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From Wikipedia, the free encyclopedia

Time in Maine, as in all US states, is regulated by the United States Department of Transportation.[1] All of Maine is in the Eastern Time Zone (ET) and observes daylight saving time (DST).

Time in Maine
  Time UTC
Standard time (winter) Eastern Standard Time (EST) UTC−05:00
Daylight time (summer) Eastern Daylight Time (EDT) UTC−04:00

Eastern Maine has the earliest solar noon of the contiguous United States, and the portion of the state that is east of 67.5°W longitude is geographically in the Atlantic Time Zone, which is used by adjacent New Brunswick, Canada. Independent of daylight saving time, solar noon at the March equinox is approximately 11:50 in the southwestern part of the state, and 11:35 at West Quoddy Head Light, the easternmost point of the contiguous United States.

United States time zones
United States time zones
Solar noon (independent of DST)[2]
Date
(approx.)
Location
Kittery Augusta West Quoddy Head Light
March equinox 11:50 11:46 11:35
June solstice 11:45 11:41 11:30
September equinox 11:36 11:32 11:21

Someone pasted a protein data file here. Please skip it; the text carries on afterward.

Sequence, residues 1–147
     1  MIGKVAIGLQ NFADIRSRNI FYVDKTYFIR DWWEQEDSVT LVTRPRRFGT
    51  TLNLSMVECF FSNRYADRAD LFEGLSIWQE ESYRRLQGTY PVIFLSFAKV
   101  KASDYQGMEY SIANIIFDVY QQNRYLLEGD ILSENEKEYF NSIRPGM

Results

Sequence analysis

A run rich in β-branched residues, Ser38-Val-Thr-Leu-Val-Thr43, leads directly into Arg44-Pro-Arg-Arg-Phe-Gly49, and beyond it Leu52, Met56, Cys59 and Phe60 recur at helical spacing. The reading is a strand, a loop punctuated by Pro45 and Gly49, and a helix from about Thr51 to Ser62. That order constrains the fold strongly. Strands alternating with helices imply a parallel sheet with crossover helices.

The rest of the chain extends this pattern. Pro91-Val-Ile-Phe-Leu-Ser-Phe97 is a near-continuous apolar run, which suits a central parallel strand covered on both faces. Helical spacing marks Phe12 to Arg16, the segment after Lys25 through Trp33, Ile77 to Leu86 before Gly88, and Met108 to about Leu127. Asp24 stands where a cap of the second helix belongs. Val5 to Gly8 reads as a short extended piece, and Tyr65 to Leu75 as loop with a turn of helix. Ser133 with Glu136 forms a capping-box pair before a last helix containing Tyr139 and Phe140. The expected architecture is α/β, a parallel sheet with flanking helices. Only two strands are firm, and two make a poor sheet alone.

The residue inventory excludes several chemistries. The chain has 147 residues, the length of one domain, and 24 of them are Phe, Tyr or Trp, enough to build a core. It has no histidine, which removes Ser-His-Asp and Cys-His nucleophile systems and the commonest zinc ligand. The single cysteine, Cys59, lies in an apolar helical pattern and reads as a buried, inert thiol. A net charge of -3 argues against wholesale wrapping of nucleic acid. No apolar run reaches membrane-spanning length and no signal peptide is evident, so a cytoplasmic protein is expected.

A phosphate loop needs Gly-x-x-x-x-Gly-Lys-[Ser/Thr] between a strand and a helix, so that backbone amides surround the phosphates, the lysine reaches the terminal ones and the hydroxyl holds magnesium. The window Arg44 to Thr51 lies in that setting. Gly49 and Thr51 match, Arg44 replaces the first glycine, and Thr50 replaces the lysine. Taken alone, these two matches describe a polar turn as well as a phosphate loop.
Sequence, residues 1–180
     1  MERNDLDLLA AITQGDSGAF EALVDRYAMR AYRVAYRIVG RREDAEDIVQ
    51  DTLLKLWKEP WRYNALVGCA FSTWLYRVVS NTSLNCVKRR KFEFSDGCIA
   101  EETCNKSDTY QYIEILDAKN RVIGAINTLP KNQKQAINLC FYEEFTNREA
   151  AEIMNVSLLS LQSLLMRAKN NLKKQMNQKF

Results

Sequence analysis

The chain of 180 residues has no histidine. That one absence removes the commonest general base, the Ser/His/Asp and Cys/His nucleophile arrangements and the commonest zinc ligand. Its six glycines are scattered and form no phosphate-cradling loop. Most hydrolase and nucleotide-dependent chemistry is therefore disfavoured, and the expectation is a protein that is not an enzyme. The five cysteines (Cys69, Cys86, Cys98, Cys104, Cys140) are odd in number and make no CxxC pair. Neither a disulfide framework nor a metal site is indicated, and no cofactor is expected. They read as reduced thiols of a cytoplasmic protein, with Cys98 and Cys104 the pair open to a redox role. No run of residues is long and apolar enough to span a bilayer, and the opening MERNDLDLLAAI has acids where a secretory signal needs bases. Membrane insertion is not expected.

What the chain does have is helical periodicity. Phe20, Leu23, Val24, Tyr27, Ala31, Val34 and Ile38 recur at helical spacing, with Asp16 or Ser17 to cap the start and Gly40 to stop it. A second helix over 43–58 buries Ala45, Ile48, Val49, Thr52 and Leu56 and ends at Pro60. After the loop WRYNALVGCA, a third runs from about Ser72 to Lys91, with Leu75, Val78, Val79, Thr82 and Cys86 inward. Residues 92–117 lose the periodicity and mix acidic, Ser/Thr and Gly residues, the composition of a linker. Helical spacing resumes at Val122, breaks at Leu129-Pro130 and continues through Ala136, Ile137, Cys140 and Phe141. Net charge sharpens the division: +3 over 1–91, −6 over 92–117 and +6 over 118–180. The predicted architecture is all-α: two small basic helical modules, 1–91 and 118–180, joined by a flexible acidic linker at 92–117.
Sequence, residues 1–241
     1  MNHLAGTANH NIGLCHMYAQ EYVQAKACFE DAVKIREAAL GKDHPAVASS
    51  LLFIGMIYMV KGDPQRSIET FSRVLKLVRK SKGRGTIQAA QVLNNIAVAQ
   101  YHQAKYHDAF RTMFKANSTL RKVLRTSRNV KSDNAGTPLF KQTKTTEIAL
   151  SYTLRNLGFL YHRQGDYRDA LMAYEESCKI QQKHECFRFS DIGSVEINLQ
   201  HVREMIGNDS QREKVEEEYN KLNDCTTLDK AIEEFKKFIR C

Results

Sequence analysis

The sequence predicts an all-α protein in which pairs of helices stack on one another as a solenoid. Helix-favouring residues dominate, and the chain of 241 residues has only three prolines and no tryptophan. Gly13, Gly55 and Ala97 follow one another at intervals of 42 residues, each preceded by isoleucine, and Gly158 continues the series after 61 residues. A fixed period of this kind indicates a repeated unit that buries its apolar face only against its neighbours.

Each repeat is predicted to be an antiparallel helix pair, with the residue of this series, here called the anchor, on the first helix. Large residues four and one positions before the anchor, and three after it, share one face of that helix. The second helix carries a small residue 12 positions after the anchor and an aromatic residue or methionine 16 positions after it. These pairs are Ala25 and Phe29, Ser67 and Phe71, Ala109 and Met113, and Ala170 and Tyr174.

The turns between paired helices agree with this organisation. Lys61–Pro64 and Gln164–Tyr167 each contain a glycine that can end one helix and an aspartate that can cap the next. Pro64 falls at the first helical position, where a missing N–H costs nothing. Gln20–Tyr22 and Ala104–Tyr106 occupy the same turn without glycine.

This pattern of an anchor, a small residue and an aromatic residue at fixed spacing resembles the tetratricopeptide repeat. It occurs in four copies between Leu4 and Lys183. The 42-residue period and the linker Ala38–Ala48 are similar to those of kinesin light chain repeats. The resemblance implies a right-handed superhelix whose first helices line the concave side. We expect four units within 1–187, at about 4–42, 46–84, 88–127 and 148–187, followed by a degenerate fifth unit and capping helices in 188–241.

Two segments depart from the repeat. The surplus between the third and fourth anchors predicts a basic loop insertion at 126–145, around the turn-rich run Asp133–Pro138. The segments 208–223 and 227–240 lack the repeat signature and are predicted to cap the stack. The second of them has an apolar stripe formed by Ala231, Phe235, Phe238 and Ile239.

December solstice 11:41 11:37 11:26

During winter, sunset can occur in some areas as early as 3:42 p.m.[3] Most of the New England states have considered using the Atlantic Time Zone without daylight saving to mitigate this. In 2005, the Maine Legislature considered switching the entire state to Atlantic Standard Time all year long and eliminating daylight saving time.[3][4] The bill did not pass.[citation needed]

See also

Time in New England states: Connecticut, Maine, Massachusetts, New Hampshire, Rhode Island, Vermont

References

  1. ^ "Uniform Time". US Department of Transportation. 13 February 2015. Archived from the original on 24 August 2018. Retrieved 24 August 2018. The U.S. Department of Transportation (DOT) oversees the Nation's time zones and the uniform observance of Daylight Saving Time. The oversight of time zones was assigned to DOT because time standards are important for many modes of transportation.
  2. ^ "NOAA Solar Calculator". noaa.gov. Retrieved March 9, 2019.
  3. ^ a b "Nation in Brief". The Washington Post. October 30, 2005. p. A16.
  4. ^ Colwell, Jack (May 15, 2005). "So you thought the clock issue had been all wound up?". South Bend Tribune. South Bend, Indiana. p. B10. Retrieved March 9, 2019 – via newspapers.com.
This page was last edited on 5 June 2020, at 22:06
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